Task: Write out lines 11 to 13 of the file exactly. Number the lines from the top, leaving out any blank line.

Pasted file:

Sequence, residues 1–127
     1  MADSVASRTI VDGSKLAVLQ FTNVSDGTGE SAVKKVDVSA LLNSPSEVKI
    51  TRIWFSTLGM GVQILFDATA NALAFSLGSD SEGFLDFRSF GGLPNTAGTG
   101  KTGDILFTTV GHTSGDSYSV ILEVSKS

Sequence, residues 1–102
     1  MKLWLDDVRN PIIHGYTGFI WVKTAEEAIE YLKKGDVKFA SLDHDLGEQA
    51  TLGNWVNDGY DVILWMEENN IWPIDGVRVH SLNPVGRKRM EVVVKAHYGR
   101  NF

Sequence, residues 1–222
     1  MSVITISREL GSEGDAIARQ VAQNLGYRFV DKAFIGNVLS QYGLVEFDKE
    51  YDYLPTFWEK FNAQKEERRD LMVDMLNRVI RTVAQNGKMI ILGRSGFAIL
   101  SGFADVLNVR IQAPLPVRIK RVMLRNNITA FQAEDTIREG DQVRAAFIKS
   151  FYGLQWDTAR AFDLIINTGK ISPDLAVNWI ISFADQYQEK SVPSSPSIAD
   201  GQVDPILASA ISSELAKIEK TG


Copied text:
    51  YDYLPTFWEK FNAQKEERRD LMVDMLNRVI RTVAQNGKMI ILGRSGFAIL
   101  SGFADVLNVR IQAPLPVRIK RVMLRNNITA FQAEDTIREG DQVRAAFIKS
   151  FYGLQWDTAR AFDLIINTGK ISPDLAVNWI ISFADQYQEK SVPSSPSIAD